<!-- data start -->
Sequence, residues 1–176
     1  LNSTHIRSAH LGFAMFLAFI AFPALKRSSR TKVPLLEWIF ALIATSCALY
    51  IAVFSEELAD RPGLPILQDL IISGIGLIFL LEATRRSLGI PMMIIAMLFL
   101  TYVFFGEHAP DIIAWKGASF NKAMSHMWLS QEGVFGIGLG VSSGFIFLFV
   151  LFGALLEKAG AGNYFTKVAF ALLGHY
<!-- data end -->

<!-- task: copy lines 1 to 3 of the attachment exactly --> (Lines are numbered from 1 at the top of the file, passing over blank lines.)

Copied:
Sequence, residues 1–176
     1  LNSTHIRSAH LGFAMFLAFI AFPALKRSSR TKVPLLEWIF ALIATSCALY
    51  IAVFSEELAD RPGLPILQDL IISGIGLIFL LEATRRSLGI PMMIIAMLFL